Monday, April 16, 2012

Medical emergency not so medical?

From Sandra

I just found your website. Well I didn't find it so much as someone was talking about it at a Blue Jays game so when I got home I looked it up on Google. Where have you been my whole transit life?!

I've been riding the LSE (Oshawa) line for 6 years. I have a great story to tell. It was summer, which is important in detail because rarely does anyone have jackets and it was during the ride home. On my coach, which was the first coach behind the locomotive, this woman began asking someone to push the emergency strip and when everyone asked her what's wrong, she wouldn't say.

People were hesitant to push it because she looked fine and what I thought was strange is she wouldn't get up off her seat to push it herself. She was in a 4 seater, near the window.

So I pushed it for her.

I always thought the trains come to a screeching stop when there's a medical emergency announced, but nope, the train keeps rolling and this was the first time I'd been on a train with a medical emergency called.

This guy in a dark jump suit shows up in our coach after the CSA announces the alarm was pressed and being investigated, and he asks if anyone needs help and people wave him over to the woman. She looks perplexed.

She asks him if there are any women on board who can come assist and asks for the CSA (who was a woman). The guy radios to the engineer. He asks for the CSA and he says she's coming.

Jump suit guy asks the woman if she can stand up. She says no. He asks why. She shakes her head.

The female CSA shows up - I should mention this was a full train and the woman motions for her to lean down so she can talk to her privately. They're whispering in each other's ears.

I get off at the end of the line but when we get to Whitby, the CSA asks the man sitting across from her if she can sit there and the train is idling while the CSA talks to the woman and the woman makes phone calls.

The engineer then announces we're holding at Whitby for a medical emergency. Then the jump suit guy returns and has what looks like a black garbage bag. I'm thinking that perhaps this woman has pooped herself? What else could be such a big deal?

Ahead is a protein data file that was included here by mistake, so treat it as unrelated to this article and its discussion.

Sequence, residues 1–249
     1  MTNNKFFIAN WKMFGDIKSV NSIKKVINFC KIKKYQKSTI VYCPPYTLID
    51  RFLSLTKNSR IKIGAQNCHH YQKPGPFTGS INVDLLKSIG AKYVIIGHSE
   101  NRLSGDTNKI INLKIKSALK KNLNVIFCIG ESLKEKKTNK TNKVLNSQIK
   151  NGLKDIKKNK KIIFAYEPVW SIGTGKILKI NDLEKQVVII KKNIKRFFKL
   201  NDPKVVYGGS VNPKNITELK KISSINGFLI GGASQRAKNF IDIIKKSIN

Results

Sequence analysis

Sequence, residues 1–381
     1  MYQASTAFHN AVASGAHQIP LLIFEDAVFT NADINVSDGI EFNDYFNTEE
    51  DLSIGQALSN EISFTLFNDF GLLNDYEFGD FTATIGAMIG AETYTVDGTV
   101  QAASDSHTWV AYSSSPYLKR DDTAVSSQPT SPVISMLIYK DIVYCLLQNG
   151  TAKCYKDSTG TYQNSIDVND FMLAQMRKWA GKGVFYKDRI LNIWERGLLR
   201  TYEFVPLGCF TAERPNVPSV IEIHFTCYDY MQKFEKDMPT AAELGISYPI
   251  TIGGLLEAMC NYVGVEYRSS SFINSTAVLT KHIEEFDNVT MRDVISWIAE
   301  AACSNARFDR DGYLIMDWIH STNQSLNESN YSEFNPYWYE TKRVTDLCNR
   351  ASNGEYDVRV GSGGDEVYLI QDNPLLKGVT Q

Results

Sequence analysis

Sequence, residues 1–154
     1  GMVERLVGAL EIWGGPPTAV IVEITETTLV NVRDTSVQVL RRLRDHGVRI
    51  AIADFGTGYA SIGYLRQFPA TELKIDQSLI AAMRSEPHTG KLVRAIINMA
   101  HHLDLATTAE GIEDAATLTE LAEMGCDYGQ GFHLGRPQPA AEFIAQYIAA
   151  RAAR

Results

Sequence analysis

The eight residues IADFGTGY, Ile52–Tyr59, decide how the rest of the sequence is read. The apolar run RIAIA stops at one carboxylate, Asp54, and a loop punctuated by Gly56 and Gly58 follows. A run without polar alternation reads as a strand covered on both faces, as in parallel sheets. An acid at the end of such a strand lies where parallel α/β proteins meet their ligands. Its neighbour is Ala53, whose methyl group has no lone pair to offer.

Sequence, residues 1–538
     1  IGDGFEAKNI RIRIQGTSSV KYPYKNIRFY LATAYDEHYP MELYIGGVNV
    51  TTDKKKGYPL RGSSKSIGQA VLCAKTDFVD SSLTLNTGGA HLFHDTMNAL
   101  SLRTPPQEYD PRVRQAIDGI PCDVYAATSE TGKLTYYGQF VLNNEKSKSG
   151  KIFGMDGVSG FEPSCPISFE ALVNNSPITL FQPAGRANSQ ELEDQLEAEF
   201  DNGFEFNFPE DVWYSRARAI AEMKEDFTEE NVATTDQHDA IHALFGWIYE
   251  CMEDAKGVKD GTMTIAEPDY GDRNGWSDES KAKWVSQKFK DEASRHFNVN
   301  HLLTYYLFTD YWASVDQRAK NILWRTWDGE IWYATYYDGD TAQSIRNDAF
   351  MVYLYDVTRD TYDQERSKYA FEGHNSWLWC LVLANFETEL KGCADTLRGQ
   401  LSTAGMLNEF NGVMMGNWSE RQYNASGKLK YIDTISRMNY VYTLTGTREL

Oh, but it was much worse than that and only women can relate to the nightmare this woman was going through.

The CSA asks us on the train to either exit the train or move to another coach as this woman needs privacy.

I get off and stand on the platform.

Eventually the woman and the CSA get off the train. The CSA has wrapped the garbage bag around the woman like a skirt and was walking her across the platform.

The doors were closed on that coach and those of us on the platform were asked to board other coaches and the jump suit guy went to go stand guard at the connecting door to prevent people from entering the coach.

When we get to Oshawa, the train is put out of service.

The horror, right?

Anyway, don't know if you'll share the story but I know people bitch a lot about medical emergencies and delays. Sometimes it's because of stuff like this. I really felt for her. But it's interesting what GO classifies as a medical emergency. This woman needed a clean pair of pants.


James said...

I'm a guy and I feel for this poor woman. I could only imagine the horror. At least she said something instead of leaving a bio-hazard behind.

Harith said...


lswgirl13 said...

Ohhhhhh yuck. That poor woman.

Zjack said...

So... What was it? Period on the chair? Or did she realize she forgot to shave her legs?

C.J. Smith said...

Harith - paragraphs indeed!!! Publishing from email was a fail!
I also missed the whole last few paragraphs of Sandra's email.
Yes, she obviously was riding with Aunt Flo.

FRED said...

And all y'all bitch about those blue, pleather/vinyl seats! Washcloth and you're done. Fabric seats? Boil, dry, steam and treat.

I dunno why this woman called so much attention to herself. Why not wait until the last stop and then press the alarm when the train is emptying and then deal?

Anonymous said...

Oh yikes! Yeah, I'm guessing it was a "period on the seat" type of thing - God, if that happened to me I'd probably completely freak out.

lx said...

Who knows if she had a miscarraige, a bowel problem, hemorrhaging, doesn't really matter, clearly that car was not fit for human habitation after that. Clearly it was appropriate to declare a medical emergency and clear the car.

Squiggles said...

Agreed with clearing the car at the end of the line. But if it was Aunt Flo, then this woman should have been better prepared!

Besides, ick.

Anonymous said...

I rode the train years ago, and the same thing happened to a woman that was sitting in front of me. The train was not as packed as it was the Richmond Hill line (not sure if it's busier now) but then it wasn't a busy line..anyways the woman got up, looked a little embarrased, left a HUGE mess and got off the train. Now that was gross.

Anonymous said...

Squiggles, being peri-menopausal right now (ok, way too much info, but it is relevant, sorry!), my aunt hadn't visited for 11 months! That is, until last month. Fortunately I was at home. I was prepared for a visit for months, but really thought she would never come again.

Squiggles said...

Anon: you were prepared! That is the difference. If that was the case with her (and it sounds like this woman wasn't. And as no age was given, she could have been 18/32/whatever for all we know) then she really did herself and the train load full of people a disservice.

DF said...

Squigs, that easily could have been Anon. Anon was prepared for a few months not a year. She was just lucky she was home. Aunt Flo often drops by unannounced and unexpected. The best you can do is carry the proper supplies and hope for he best.